The longtime controller of New Milford resigned his position Friday, Jan. 6, leveling charges of financial improprieties at the finance director.

His charges prompted verbal sparring and necessitated a police escort out of the building.

Mayor Patricia Murphy said Monday Joseph Galante delivered a letter Friday to the town's finance director, Ray Jankowski, stating he intended to step down from his post immediately.

His letter indicated, with accumulated vacation and personal time, Jan. 27 would be the effective date of resignation.

At age 65, his subsequent eligibility for retirement will be July 6.

"I am being forced to resign under the duress of being pressured to violate Connecticut General Statutes ... along with accounting principles and practices accepted as necessary to the proper administration of budgeting and other government fund resources supplied by taxpayers," Mr. Galante wrote in his letter.

A Monday message left at Mr. Galante's New Fairfield home was not returned.

Mr. Jankowski also did not return a message left at his office Monday.

Mr. Galante's charges relate to the manner he was requested to pay for equipment for a new police department emergency dispatch center, he said in the letter.

He said he was ordered to make payment orders on amounts for less than their actual cost, without proper purchase orders.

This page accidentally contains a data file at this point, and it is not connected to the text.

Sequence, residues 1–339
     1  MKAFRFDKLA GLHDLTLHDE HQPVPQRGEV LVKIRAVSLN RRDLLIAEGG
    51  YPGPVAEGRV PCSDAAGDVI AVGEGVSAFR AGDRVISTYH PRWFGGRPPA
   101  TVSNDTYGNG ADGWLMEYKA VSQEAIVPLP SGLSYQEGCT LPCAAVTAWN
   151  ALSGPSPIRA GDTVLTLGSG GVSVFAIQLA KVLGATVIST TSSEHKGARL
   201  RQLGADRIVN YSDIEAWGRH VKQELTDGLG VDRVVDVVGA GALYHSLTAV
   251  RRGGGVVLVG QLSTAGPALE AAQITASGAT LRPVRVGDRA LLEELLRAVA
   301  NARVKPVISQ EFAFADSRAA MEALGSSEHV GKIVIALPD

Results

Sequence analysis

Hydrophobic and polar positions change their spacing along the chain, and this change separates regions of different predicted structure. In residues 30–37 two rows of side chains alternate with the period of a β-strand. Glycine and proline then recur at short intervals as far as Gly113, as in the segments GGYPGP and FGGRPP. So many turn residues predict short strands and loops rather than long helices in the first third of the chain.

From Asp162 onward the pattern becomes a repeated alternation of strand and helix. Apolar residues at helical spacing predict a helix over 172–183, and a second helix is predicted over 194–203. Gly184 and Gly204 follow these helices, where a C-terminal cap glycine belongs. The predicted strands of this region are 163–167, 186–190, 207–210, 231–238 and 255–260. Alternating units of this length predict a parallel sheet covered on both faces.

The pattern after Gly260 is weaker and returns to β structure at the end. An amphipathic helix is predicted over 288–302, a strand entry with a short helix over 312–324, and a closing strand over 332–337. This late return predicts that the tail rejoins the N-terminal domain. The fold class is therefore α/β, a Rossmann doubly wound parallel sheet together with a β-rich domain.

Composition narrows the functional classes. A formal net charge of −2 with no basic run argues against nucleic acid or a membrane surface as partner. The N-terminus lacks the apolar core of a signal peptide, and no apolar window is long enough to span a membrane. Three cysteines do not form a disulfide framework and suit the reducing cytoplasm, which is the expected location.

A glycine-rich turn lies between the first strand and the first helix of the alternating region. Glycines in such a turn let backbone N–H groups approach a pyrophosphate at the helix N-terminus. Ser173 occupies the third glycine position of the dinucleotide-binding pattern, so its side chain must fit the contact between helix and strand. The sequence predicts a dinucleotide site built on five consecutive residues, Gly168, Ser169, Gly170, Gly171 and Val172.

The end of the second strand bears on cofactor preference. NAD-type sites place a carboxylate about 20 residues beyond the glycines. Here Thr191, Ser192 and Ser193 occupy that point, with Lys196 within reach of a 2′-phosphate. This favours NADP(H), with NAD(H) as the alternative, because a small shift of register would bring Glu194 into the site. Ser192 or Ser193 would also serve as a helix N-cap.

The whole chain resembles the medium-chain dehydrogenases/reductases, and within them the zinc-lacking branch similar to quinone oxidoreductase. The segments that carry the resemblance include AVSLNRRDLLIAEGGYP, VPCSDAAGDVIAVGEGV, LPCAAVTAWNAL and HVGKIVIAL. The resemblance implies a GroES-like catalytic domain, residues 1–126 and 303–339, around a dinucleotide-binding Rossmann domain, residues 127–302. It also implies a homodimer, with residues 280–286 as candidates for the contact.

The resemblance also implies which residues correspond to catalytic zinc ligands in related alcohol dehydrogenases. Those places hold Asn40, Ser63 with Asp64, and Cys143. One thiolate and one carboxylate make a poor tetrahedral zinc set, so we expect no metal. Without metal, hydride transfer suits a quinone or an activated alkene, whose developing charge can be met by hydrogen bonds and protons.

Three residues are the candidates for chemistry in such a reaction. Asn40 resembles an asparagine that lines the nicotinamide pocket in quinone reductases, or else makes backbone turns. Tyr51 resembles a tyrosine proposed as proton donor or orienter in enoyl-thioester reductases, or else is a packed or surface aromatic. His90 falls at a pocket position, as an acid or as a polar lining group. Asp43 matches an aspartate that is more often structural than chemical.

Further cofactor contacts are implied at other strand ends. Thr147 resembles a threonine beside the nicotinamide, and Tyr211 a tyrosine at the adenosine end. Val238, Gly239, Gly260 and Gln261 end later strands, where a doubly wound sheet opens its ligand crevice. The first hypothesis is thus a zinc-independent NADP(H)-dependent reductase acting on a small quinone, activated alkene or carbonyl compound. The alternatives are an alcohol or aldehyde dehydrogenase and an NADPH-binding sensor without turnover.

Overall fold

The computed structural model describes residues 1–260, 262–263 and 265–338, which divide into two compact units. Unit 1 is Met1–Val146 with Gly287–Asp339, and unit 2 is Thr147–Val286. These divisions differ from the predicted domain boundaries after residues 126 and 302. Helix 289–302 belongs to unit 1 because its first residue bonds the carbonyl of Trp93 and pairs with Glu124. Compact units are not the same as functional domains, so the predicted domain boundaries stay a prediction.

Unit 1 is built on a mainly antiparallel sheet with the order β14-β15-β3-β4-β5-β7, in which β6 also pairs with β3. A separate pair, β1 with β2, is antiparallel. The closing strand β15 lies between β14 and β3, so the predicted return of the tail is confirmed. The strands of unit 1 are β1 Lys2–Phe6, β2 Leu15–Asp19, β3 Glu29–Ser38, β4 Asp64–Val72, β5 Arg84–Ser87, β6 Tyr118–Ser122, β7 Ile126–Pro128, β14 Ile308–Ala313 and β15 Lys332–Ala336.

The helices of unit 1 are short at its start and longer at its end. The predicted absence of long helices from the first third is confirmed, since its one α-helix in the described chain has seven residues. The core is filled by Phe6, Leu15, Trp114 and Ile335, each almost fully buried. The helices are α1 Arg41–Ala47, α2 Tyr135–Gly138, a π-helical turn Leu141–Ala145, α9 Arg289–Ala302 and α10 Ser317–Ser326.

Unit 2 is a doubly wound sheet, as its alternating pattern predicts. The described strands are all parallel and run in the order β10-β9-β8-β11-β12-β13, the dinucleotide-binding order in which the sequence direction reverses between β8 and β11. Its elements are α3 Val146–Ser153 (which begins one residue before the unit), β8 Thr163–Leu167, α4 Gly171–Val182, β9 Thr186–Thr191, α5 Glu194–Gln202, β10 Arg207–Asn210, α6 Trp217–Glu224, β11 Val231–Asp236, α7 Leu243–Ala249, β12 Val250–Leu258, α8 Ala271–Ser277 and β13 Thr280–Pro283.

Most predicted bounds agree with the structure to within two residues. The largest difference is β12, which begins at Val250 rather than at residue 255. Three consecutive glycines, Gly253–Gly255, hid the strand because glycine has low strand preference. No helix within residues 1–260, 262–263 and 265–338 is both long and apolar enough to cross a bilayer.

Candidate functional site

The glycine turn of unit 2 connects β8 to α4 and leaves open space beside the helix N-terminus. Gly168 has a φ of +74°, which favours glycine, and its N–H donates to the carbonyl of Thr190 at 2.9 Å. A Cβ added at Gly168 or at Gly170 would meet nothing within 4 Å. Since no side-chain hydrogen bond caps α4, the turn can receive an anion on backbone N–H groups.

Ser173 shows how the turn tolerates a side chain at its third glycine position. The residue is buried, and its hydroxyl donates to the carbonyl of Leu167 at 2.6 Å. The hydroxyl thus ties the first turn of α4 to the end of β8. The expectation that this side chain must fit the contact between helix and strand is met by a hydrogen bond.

"After accepting the duty of safeguarding the assets of the taxpayers of the town of New Milford," Mr. Galante wrote, "I cannot compromise that service by the obvious and deliberate violation of all accounting and financial standards learned from educational and experiential training, especially the laws intended to do just that."

"There is no incentive to perform the job for which I was hired when I am told that if I will not break the law," his letter continued, "you (Mr. Jankowski) will get somebody else to do it... such actions contribute and foster a culture of deceit in the financial administration of the town assets."

Town Attorney Randy DiBella ruled Monday, after examining the situation, no improprieties had been requested or conducted.

The delivery of the letter sparked a disturbance which included Mr. Galante allowing his wife improper access to his computer, Mayor Murphy said.

She called the police, she said, after asking Mr. Galante's wife to refrain from further use of the computer.

When police arrived, Mr. Galante started yelling at the officer, according to the mayor, and the couple was escorted out of the building.

No arrests were made, police spokesman Lt. Larry Ash said.

Mayor Murphy forwarded the letter containing Mr. Galante's allegations to Mr. DiBella.

Mr. DiBella then offered a written opinion, based on his research of state law, the financing of the $530,000 emergency dispatch center, including a $194,000 state grant, followed proper appropriation protocols.

The town attorney said he determined the payments requested were proper and the police command staff actually employed greater scrutiny over the costs than is required.

"It is my opinion that, based upon factual investigations and legal research conducted, no illegality exists as alleged," Mr. DiBella wrote.